The physios and doctors in Birmingham told him it was inflammation in his achilles tendon, and in the months that followed he had two injections which did little to ease his symptoms. In April, he returned to Denmark to see the national team doctor and within five minutes, he was told he needed surgery on a cyst that had been growing on his achilles.

“In the UK I told them I had this bump; they said it’s normal, rationalising it but a cyst is not supposed to grow there,” says Christensen. “They analysed it and I had no cancer in it, but it needed to be removed. Within a month, I had surgery in Denmark.”

Christensen went under the knife in May, abandoning his studies in Birmingham to prioritise his return to health in Copenhagen. “I just wanted to be healthy,” he says.

Given the detraining effect on his achilles, he developed tendonitis after starting back training and in his first race of the outdoor season, a 5000m in Heusden, Belgium, he dropped out after halfway. “It felt like I had a tear in my achilles, I was in so much pain,” he says. “It was almost comical, in a tragic way.”

It turned out that it was just inflammation, and he was sentenced to another long spell of cross training. At this point, after 18 months of hell, Christensen started to wonder if his best days were behind him.

“When you really go from zero, it’s very, very time-consuming to get back to the top, where I used to be. The thought of losing everything scared me; it was relentless fear.”

He hadn’t been on a training camp since the previous summer, but with leftover funding from his kit contract, he decided to go back to Font Romeu for six weeks in the summer, churning away at altitude each day on a stationary bike.

“I lived as a monk,” he says.

Gradual progress and cautious optimism en route to Brussels

In September, he began a preparatory course for university in Copenhagen and finally got back running. By the end of that month he was up to 120km a week, 40 kilometres of which was done at threshold, with Christensen doing two such sessions every Tuesday and Thursday – consisting of long reps that added up to 10km in each workout.

“So 33% (of the training) was quality,” he says. “It was slightly risky, but it worked pretty well.”

In October, he completed his first race in 10 months, finishing close to fellow Danish star Joel Ibler Lillesø , and he followed it up by clocking 29:18 at a 10km road race in Norway, in which he “blew up” over the last 4km. “To know I’d have to run at 75% is difficult but I accepted that it’s a process, I’m progressing, even if it doesn’t look that way. We kept on believing.”


By November, he was back up to full training load – 160km per week – and Christensen soon felt back to himself, hammering his rivals to win the Danish senior cross country title by 50 seconds.

“We started to think this will maybe work out in Brussels,” he says.

Still, no athlete had ever won, lost and then reclaimed the U20 title at the European Cross Country Championships and to do so, Christensen had to defeat two formidable rivals in Laros – who had broken the Dutch senior 1500m record when finishing 10th in the world 1500m final, clocking 3:31.25 – and Ireland’s Nick Griggs, the 2021 European U20 3000m champion who’d finished a close runner-up in last year’s race.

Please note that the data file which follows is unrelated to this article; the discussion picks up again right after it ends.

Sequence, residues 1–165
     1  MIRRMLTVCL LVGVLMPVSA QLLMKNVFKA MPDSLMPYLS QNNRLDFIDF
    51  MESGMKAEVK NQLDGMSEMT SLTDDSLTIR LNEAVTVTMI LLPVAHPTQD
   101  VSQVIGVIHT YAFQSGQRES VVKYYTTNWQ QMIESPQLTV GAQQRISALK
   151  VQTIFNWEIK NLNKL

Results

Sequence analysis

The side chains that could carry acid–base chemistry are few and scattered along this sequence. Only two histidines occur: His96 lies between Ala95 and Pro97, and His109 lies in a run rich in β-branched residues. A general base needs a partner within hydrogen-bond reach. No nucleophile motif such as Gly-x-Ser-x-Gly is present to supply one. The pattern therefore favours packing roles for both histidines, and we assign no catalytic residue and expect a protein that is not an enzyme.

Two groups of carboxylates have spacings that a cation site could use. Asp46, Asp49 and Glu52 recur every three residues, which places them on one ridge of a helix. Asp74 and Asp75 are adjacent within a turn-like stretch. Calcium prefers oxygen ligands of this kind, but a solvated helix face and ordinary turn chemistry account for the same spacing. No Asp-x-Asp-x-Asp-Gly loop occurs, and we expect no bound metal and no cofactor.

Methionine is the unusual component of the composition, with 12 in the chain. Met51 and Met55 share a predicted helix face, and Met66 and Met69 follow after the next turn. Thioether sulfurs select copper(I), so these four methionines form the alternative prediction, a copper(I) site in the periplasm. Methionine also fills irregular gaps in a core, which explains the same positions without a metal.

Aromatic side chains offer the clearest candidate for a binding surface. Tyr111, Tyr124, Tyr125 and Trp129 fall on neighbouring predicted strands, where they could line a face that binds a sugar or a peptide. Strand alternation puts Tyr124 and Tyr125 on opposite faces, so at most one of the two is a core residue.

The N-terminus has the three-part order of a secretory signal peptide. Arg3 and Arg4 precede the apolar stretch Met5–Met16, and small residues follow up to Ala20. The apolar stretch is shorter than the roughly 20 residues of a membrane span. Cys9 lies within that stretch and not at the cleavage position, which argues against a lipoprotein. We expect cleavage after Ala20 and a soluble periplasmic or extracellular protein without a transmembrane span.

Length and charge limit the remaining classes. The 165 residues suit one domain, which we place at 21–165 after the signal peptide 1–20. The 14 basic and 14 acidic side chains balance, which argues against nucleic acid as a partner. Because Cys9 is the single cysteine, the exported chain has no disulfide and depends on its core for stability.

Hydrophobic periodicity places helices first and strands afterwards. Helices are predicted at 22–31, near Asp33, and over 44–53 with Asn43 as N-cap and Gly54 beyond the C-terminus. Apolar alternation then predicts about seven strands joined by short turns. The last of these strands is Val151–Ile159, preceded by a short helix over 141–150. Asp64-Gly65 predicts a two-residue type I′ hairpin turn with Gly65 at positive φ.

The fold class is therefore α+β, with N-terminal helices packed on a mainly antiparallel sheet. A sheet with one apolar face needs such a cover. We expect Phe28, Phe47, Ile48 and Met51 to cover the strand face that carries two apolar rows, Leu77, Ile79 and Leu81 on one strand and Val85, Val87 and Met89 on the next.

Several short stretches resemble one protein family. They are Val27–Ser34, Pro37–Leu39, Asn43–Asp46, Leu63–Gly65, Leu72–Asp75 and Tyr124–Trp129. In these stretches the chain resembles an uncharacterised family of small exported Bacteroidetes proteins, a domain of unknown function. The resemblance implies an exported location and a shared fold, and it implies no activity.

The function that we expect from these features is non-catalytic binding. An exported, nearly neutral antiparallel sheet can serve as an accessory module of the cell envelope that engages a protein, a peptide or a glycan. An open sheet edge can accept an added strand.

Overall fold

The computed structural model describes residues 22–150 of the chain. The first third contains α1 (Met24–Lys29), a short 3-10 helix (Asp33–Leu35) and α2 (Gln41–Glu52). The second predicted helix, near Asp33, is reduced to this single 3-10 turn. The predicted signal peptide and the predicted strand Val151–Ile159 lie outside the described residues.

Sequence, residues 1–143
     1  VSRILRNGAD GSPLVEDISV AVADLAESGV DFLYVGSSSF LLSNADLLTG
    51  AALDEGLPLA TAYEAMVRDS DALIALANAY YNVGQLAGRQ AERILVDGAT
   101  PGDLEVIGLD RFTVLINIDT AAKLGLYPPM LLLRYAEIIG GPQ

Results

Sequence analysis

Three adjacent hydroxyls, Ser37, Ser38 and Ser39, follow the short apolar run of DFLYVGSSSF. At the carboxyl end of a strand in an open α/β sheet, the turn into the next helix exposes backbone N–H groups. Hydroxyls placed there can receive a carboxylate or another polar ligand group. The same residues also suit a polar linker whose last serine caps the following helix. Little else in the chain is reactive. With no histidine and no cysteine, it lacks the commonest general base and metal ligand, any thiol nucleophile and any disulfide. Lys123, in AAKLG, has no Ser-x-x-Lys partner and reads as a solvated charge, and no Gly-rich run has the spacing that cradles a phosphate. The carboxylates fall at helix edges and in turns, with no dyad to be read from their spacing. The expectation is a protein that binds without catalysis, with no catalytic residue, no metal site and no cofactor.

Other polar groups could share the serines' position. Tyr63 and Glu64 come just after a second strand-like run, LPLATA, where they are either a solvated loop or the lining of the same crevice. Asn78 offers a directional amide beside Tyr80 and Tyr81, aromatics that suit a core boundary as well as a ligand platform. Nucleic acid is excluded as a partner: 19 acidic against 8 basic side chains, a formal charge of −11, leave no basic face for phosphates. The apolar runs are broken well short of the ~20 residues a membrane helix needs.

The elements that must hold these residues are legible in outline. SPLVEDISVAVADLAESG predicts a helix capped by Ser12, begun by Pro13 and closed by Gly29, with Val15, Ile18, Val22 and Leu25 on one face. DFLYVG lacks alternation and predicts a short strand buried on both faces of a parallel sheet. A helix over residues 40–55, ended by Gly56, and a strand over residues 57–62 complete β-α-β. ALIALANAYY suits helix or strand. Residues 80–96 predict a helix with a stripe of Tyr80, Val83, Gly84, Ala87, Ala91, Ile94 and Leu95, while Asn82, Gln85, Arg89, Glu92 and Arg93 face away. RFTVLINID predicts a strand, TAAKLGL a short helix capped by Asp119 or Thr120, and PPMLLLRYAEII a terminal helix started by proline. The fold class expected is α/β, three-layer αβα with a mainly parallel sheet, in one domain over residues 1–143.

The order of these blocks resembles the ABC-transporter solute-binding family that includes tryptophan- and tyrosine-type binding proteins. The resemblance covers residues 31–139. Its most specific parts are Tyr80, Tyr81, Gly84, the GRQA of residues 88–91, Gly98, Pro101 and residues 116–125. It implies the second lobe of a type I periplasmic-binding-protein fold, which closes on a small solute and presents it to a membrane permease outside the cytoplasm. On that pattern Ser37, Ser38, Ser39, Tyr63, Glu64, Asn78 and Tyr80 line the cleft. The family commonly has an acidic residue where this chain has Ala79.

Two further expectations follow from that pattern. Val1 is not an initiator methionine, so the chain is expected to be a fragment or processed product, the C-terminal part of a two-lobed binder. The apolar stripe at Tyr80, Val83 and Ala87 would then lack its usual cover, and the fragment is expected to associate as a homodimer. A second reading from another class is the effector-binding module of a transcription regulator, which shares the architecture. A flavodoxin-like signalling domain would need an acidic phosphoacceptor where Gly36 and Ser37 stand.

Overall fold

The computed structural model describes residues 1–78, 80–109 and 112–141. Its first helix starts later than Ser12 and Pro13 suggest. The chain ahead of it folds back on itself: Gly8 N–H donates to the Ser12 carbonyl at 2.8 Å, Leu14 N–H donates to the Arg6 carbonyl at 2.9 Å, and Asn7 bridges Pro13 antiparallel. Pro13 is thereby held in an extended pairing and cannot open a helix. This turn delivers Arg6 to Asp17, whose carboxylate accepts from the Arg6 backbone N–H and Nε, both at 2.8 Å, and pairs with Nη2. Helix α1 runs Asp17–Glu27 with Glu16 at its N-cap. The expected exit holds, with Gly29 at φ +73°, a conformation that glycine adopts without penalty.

“It can be argued it was the strongest field ever in the U20 category,” says Christensen, and few would disagree.

When the gun fired, the Dane did exactly what he’d done two years ago – going out hard, putting his rivals to the sword. Was that to draw the sting out of Laros?

“Exactly,” he says. “It was my only hope.”

With a little under a lap to run, Christensen had burnt off everyone except Laros, who was matching him stride for stride. “I tried to look at him,” he says. “I wanted to know the damage (of) the work I’m doing. I could tell he was not completely at ease; he was definitely feeling it, breathing as hard as me.”

When Laros made his move, with about 800 metres left, Christensen thought: “‘This is brave,’ but I also thought, ‘If someone can do it, it’s the guy who’s the strongest at everything and maybe he’s just one in a million.’ I reached a point where I was like, ‘Okay, I can accept silver.’”

But soon after, he saw the first signs of frailty in his rival.

“He was really trying to go out of the mud as much as possible and I hoped that could mean his legs are heavy,” says Christensen.

Only after emptying the tank about a minute later and drawing alongside Laros did he realise his hunch was correct. Laros had nothing left, and Christensen was back on top.


As he looks ahead to 2024, his plan is to focus on the 3000m steeplechase and he hopes to compete in that at both the European Championships in Rome and at the Olympics in Paris. 

Christensen will start a new university course after the summer in Copenhagen, but until then he will be a full-time athlete. As he leaves behind the U20 grade, more than anything he’s just grateful to be healthy, something that for so long seemed a distant dream.

Come what may on the road ahead, he’ll look back fondly on Brussels, where he made the comeback of all comebacks – not just in the race, but in his career as a whole.

“It was very special,” he says. “It was the sweetest win of my career.”

Cathal Dennehy for European Athletics